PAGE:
The Ghost Town of Kuldhara
We had finished a fascinating few hours at the ‘living fort’ at Jaisalmer, roaming around the place, gazing in admiration at the architecture of the Raja Rawal’s palace and the many temples inside the fort , hearing many stories from different guides, no doubt embellished over the years, spending time observing the intricate work of a miniature painter and aimlessly roaming through the narrow streets.
It was a warm day in September and with a satisfying lunch behind us, all of us lazily gravitated to the idea of going back to our uber comfortable rooms at Suryagarh for a siesta. The Amar Sagar temple could be visited later in the afternoon before the visit to the dunes later in the evening.
As we headed towards the outskirts, our driver, Ram Nivas, who had seriously taken up the responsibility of showcasing as much as possible of his wondrous state of Rajasthan to us, suggested that we squeeze in a visit to the ruins of Kuldhara.
Why not, indeed.
We took the dusty roads to the ghost town of Kuldhara and pretty soon we were at our destination. What seemed to be a rather well planned town lay in front of us. Empty. In the middle of nowhere. Sparse vegetation grew around it with a few shrubs cautiously venturing into the buildings.
Many of the buildings were in the expected state of disrepair but some seemed remarkably well maintained. It felt a bit eerie. Walking around in a once thriving place now completely empty. And silent.
We climbed up one of the buildings and looking at the spread of the buildings below us, what struck me was the neat layout of the settlement. Broad, well marked roads, neat, almost geometrical houses. Nothing seemed haphazard. It seemed so orderly and structured.
Houses even had a parking lot for their vehicles. How quaint. This one still had its ‘vehicle’ parked there.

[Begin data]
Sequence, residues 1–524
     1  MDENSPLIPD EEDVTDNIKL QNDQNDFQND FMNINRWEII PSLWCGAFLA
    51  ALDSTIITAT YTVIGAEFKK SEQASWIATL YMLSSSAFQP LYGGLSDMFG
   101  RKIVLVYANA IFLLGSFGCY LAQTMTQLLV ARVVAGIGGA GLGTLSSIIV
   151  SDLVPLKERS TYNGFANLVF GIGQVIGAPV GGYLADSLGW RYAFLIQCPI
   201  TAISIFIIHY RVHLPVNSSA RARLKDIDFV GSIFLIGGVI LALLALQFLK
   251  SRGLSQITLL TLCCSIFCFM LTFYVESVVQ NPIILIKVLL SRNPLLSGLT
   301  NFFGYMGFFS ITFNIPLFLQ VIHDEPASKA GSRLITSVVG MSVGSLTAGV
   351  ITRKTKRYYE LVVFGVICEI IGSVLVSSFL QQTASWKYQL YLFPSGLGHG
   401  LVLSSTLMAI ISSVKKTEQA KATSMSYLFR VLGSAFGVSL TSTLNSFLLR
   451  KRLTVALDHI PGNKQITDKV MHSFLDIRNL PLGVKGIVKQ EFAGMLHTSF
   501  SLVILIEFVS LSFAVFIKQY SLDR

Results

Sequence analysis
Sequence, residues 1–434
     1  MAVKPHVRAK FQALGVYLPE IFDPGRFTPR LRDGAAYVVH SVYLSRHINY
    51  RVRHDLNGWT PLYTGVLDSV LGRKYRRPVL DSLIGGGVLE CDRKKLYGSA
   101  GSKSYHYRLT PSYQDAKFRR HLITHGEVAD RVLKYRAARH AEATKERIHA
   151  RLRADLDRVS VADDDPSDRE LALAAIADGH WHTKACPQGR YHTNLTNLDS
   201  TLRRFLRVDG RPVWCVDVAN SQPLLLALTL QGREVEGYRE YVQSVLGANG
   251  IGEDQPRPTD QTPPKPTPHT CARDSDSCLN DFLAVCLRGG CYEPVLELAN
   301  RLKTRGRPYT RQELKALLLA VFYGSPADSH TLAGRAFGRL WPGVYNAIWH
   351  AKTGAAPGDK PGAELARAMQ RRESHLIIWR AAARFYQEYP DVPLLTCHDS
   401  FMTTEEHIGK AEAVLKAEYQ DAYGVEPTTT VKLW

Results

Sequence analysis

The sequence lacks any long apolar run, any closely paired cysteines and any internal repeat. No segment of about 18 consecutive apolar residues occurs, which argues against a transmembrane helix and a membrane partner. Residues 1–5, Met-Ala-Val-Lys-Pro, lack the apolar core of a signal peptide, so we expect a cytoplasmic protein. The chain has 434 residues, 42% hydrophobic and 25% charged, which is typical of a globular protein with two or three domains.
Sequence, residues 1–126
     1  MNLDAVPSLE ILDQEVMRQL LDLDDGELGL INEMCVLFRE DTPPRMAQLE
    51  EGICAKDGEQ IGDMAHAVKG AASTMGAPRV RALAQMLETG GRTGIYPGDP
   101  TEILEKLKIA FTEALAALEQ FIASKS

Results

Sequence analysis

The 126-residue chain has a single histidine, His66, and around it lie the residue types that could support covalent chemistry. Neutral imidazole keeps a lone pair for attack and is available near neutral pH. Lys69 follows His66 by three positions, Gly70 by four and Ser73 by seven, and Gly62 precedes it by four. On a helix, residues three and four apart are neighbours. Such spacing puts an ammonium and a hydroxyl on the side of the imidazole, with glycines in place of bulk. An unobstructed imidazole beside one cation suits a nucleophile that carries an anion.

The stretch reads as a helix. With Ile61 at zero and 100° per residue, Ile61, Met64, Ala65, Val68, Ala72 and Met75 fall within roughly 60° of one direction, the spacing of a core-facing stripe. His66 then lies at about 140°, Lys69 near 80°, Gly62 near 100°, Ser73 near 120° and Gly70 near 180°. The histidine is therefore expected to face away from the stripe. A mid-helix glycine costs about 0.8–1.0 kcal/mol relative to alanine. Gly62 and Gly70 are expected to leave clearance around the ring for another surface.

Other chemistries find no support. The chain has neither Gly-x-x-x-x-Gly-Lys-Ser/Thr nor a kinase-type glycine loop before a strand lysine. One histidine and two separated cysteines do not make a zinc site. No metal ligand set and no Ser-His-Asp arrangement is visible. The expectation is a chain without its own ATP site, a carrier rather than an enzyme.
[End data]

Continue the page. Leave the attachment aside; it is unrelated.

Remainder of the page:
Why would it still be there ? Why was it not taken by the owner ?
Most importantly….Why is Kuldhara a ghost town ?
Ram Nivas narrated the story with much relish, though I detected a keenness in not to be seen as having bought into the legend and maintain a level of detachment from it. I wondered if it was because he didn’t want to be seen as a gullible person in front of us city slickers or if it was an honest skepticism about these legends.
Anyway, I digress.
The story of the ghost town of Kuldhara, ladies and gentlemen.
Kuldhara was a town that was inhabited by the Paliwal Brahmins. They had stayed at Kuldhara for seven centuries. About three hundred years ago, these Paliwal Brahmins were under the rule of a cruel Diwan of Jaisalmer. One day, when the Diwan was out riding, his evil eye fell on the beautiful daughter of the village chief. Completely besotted by her beauty, the Diwan made it clear that he desired to marry her. He gave the village chief a few days to decide and was rather unambiguous about the repercussions if his wish was not granted.
The entire village was thrown into a fix. That evening itself elders from Kuldhara and 84 other villages close by gathered for a council. As Brahmins, the elders decided that they cannot allow the village chief’s daughter to be married off to a Rajput. But it was clear that if they communicated their decision to the Diwan, tough and violent times lay ahead for all of them.
The decision was taken in the council that all of them will leave Kuldhara. All of them. That very night.
Overnight the entire village of Kuldhara was emptied out. Every single villager left their houses with what can be carried with them, leaving behind everything else. No one saw them leave. No one has ever known where they went and where they resettled.
A thriving town one day. A ghost town the very next day.
As I stood on top of one of the ruined buildings looking at the stillness around me I tried to visualize that evening.
The elders discussing the turn of events, presumably under a tree in the dim light of a few lanterns. Decisions being taken that will change their lives forever. Were there disagreements ? Or did everyone simply go by what the elders decided since that was the way it always has been ? How did they make the painful decision on what to leave behind in the houses ? How confused were the children about this sudden turn of events ? Did everyone look at the developments with sense of fatalism or was there panic ? Did the exodus take place in the same manner they had planned their town – orderly and disciplined ?
At home for seven centuries. And now rootless.
And how is it that no one ever knew where they went ? Where they resettled ? And why is it that over the last three hundred years, no one ever came to live here ? Good, well constructed houses in a well planned town, close to the trading fort. It had all the advantages.
But no one ever came. Kuldhara stayed a ghost town.
Mysteries that I guess will stay mysteries.